New smoke-free rules affect bass tournament

By Beth Caldwell
Fort Frances Times

The atmosphere under the big tent at the Fort Frances Canadian Bass Championship later this month will have a different air about it as organizers prepare to comply with the Smoke-Free Ontario Act.
The act, which went into effect across the province May 31, prohibits smoking in enclosed workplaces and enclosed public places in Ontario in order to protect workers and the public from the hazards of second-hand smoke.
“Primarily, there will be no smoking under the tent, there will be no smoking under the canopy of the beer tent, [and] there will be no smoking in the area between the big tent and the beer tent,” FFCBC chair Jim Cumming noted.
He added clear indications of the new no-smoking rules, as they apply to the bass tournament, were provided by local tobacco strategy co-ordinator Jennifer McKibbon, who is with the Northwestern Health Unit office in Kenora.
“There also will be no smoking in the food court preparation area and no smoking where people will be eating,” he continued. “[And] it probably means we will have to extend the [ban] from the bathrooms to the whole east end of the site.”
FFCBC organizers and volunteers who work the event also will be responsible for asking smokers who light up within the banned areas to butt out.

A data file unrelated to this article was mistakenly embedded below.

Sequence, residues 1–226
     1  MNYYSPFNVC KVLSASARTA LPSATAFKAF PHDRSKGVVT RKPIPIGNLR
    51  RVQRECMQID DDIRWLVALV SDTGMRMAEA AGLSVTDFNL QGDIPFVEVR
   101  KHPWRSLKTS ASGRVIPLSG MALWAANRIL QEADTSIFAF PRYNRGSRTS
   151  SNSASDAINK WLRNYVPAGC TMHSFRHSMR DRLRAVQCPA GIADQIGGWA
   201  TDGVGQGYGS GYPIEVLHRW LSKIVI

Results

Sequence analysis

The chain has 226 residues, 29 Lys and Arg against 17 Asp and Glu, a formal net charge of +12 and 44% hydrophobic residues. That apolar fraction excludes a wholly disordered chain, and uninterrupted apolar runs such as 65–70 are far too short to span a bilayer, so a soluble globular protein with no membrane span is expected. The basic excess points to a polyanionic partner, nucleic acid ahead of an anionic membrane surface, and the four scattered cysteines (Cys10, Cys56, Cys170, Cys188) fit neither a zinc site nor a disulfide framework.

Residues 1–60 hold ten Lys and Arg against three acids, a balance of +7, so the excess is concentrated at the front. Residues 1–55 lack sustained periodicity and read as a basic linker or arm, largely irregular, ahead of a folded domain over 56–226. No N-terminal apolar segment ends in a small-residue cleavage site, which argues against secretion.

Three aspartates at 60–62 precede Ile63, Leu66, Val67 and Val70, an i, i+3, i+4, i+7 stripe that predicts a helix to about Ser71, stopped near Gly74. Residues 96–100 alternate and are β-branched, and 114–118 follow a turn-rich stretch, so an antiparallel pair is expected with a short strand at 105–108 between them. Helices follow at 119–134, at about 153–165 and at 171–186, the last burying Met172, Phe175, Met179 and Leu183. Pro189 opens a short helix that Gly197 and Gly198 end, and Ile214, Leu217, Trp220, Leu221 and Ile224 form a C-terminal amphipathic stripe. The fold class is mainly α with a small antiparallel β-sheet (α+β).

“It makes a whole lot more sense to make the whole area of the tent smoke-free because then the [organizers’] requirements for compliance means they don’t have to keep telling people to put their cigarettes out as they go around,” McKibbon said during a recent phone interview.
“It’s a whole lot easier for the whole food/tent area to be smoke-free and then create an area away from there where smokers can go,” she reasoned.
Enforcement officers with the health unit also will frequent the FFCBC site to check for compliance with the Smoke-Free Act.
Any individual convicted of an offence under the section of the act for the protection of employees could be subject to a maximum fine of $4,000.
“[The health unit] had a funding enhancement from the Ministry of Health and a mandate to enforce this act, so we have new enforcement officers that we didn’t have before,” noted McKibbon.
“There’s lots of festival all over Northwestern Ontario this summer and the [FFCBC] is one of the places we’ll be looking [for non-compliance].
“It is our intention, where at all possible, to be at these [events].”
Cumming reiterated a smoking area would be designated at the bass tournament—and was confident smokers would respect the new requirements of the act.
“I think people will co-operate fully with that,” he concluded.